Originally from Lagos, Nigeria and now residing in Paris, France, Qudus Onikeku is a Dancer, Acrobat, Choreographer, avid Blogger, first time documentary film maker and some would say, a Cultural Activist.
Why are you a global nomad?
For we are in the age of global tribe, that’s the only way to be an active part of the future and able to tame the panther from whatever stand point. N.E.W is the future (Nomadism. Exile and Worldliness) Exile being a permanent state of being, rather than a condition.
What made you start this venture? Why are you doing this?
Questions, seeking for answers and because I know that I will never get the answers I seek, it leaves me endlessly stupid, endlessly poor. The will to endlessly get out of my stupidity and poverty is what leads to my many projects. Man’s journey can not be predetermined by his parents or his wishes, series of overlapping events and coincidence is what becomes our destiny, it’s not a human calculation. I’m naturally curious, adventurous, with a genuine love for the world and a strong compassion for its inhabitants.
What do you hope to achieve?
I am a glutton for a world of peace, for a world where what drives men is not opportunism and greed, a world where people of power and authority don’t despise us and enslave us, regiment our lives, tells us what to think and what to feel! Stop to drill us - diet us - treat us like cattle, use us as cannon fodder. Turn us to unnatural men - But teaches us the love of humanity and strive to build an empathic civilization.
How long have you been working on this?
This kind of project is a project of the heart, and since i realized that I have a tender heart for such subject matter, even before I realized my talent as an artiste I have been working on this.
What is the most interesting discovery you have made since starting this project?
For me that will be the initiation of my non-conventional space dance project that I titled “Do we need cola cola to dance?” It brought me to the realization of the powerful connection between artists of all kinds and human rights. Artist and activist sometimes stand up against the establishment to say what needs to be said in the name of humanity. The need to break bounds and refusal to hegemony brought about this project. This artwork communicates across boundaries of geography, politics, gender, race, cross all divides and belong to every individual in those public spaces. Freedom of expression is vital for an artist’s work and we work to protect that very right and in the end the relationship is more fundamental. We experienced art together with our audience, it makes us feel human, and moves us to protect the human rights of others. Everyone has a voice and should use it… No one sees the world in exactly the same way, no one sees the world through the same eyes as I do, nobody will see how I think and feel about the world unless I express it in some ways. The interactive moments we shared with our audience was another means of getting closer to them, I was ready to hear their stories as much as they might like to hear mine. This can awaken their consciousness in a way politics or radical activism may not, this on the other hand inspires both fellow artistes and our audience, give self-confidence to people who believe in something but feel that they are alone.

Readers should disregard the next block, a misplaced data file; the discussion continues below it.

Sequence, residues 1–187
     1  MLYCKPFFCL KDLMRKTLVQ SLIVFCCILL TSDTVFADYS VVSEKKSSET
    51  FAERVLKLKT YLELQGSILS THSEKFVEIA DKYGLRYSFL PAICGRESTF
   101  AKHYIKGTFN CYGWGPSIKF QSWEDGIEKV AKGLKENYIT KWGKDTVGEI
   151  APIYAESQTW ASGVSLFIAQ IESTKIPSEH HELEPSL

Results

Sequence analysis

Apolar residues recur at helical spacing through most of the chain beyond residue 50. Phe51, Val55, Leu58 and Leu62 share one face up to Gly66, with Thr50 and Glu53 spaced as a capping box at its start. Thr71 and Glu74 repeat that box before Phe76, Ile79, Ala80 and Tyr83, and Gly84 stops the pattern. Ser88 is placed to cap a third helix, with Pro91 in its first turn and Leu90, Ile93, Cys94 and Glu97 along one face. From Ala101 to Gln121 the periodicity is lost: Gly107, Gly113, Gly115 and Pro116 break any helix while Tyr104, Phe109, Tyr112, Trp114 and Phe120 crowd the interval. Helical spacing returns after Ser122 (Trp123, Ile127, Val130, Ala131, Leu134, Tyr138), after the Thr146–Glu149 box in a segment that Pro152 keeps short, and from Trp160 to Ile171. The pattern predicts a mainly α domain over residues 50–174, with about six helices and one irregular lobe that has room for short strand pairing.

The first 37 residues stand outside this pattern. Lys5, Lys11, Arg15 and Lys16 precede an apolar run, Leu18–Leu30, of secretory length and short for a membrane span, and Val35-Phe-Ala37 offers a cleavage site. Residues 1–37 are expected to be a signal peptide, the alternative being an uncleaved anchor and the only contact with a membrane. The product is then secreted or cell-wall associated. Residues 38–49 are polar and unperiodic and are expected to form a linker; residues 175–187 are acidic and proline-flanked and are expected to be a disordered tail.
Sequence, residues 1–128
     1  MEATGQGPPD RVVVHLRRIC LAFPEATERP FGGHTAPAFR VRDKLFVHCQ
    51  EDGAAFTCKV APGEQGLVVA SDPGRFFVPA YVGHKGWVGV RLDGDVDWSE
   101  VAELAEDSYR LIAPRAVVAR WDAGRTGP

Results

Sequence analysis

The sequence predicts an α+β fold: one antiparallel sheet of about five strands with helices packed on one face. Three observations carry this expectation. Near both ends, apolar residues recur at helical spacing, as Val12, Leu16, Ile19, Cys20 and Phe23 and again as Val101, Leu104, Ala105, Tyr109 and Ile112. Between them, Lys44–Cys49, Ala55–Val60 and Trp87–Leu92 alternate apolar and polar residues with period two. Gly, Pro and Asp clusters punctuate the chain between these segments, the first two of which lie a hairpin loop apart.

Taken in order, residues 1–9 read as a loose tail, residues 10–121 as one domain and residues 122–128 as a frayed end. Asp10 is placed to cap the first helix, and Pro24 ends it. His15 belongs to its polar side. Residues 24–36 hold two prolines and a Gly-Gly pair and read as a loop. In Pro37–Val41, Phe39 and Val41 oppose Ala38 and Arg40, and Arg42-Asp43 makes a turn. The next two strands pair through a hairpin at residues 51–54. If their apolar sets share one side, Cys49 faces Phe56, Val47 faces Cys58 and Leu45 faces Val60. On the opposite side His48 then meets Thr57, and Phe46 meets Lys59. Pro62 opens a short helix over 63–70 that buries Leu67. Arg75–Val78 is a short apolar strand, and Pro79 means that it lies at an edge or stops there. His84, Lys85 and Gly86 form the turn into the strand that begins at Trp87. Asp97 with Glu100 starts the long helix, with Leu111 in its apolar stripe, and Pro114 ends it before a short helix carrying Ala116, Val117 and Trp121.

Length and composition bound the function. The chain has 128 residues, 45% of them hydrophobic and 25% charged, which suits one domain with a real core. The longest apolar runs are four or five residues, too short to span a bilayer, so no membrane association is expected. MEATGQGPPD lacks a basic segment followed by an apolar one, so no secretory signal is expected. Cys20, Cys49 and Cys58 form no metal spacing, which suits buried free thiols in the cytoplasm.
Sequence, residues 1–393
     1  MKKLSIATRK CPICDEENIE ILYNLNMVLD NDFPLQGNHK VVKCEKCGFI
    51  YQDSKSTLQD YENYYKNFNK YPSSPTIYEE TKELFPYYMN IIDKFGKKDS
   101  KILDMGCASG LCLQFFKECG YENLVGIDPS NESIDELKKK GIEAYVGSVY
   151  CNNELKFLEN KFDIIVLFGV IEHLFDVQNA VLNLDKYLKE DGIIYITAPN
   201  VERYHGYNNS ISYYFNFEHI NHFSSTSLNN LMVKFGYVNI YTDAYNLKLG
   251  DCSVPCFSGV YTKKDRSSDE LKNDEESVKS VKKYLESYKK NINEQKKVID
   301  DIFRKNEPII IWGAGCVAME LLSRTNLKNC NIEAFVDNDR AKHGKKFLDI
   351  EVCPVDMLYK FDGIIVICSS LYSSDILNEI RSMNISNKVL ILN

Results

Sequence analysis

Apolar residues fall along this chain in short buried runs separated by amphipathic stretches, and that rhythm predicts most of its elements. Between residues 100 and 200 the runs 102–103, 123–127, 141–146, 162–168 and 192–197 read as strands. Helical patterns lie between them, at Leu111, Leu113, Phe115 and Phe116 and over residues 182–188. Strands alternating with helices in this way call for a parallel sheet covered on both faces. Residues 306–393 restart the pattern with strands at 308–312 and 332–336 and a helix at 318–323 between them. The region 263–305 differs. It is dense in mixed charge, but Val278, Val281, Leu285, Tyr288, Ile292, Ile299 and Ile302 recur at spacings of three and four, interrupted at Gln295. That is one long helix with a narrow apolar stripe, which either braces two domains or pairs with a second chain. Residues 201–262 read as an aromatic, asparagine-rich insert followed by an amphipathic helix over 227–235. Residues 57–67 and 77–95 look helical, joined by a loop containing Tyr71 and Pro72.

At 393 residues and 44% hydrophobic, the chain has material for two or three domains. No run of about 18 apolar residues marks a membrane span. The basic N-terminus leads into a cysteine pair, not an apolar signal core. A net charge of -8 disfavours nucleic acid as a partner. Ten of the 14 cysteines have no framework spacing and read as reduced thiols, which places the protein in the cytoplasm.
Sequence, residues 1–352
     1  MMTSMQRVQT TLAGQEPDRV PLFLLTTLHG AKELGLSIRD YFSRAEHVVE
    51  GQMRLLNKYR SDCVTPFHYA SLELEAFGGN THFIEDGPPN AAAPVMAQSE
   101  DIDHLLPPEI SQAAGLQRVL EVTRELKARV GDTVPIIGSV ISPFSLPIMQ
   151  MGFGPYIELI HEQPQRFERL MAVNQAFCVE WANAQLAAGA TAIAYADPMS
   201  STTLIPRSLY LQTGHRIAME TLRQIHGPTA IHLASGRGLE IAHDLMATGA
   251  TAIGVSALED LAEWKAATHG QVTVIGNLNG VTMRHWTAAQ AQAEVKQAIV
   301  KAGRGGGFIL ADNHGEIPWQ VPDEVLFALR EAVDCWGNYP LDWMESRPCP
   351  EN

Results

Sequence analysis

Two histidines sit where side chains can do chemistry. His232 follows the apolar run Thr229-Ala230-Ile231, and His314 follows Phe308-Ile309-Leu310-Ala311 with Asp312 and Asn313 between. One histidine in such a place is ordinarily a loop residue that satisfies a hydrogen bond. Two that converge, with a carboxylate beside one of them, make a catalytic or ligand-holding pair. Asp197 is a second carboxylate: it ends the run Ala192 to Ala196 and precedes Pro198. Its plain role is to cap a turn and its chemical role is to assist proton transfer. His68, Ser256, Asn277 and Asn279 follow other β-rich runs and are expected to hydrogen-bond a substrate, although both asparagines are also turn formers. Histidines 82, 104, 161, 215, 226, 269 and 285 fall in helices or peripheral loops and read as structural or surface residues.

Where do you see this project in 10 years?
After the African tour in 2007, we made a movie with the same title in 2008, in 2009 I did a similar project in Sao Paulo, in 2010 I returned to Brazil for a tour in Londrinas, Campinas, Joao Passoa and Recife. All these tours proved to me that this is where my heart is, as I continue to create for conventional theaters to feed my secondary needs, I will as well continue to do this project all over the world, to feed my basic need.
When did you start traveling?
2001, it was the very first time I left Lagos my city of birth.
How and why did you travel for the first time?
I traveled by air and it was for the purpose of performance in Madagascar.
In what places have you lived and what languages do you speak?
I have lived in Lagos, Ibadan, Chalons en Champagne and Paris. and I speak Yoruba, Nigerian Pigin, English, French and a bit of Portuguese.
What’s your favorite city so far?
I’ll pick Lagos, for so many obvious reasons, but I felt a similar vibe in Sao Paulo, Johannesburg and New York.
If you could only take one item with you to travel the world (other than your passport), what would it be?
Give us your global nomad profile:
window or aisle? Window. I can’t just stop admiring the work of God.
boat or plane? I can only swim in a pool. So I go for Plane.
train or bus? I love fast Train.
walk or bike? Bike for sure, Okada like we call it in Lagos
metro or trolley? Metro, but it depends where, if it is in a dirty and disorganized metro like in Paris, no thanks, I prefer a trolley.
tropical, temperate, polar? Tropical
hotel, hostel or local’s apartment? Local Apartment for sure. Even in the most dangerous favela, the locals will show you their survival technique, being in a five star hotel in a very safe neighborhood doesn’t guarantee your security.
must have fashion piece when traveling? Ma ALL STAR, My ever ready to dance partner in any condition.
explore/map or tour guide? Explore without Map. I’m an African. My mother told me if you cultivate the habit of asking people your way, you will never get lost. And I also feel its a very social thing to do.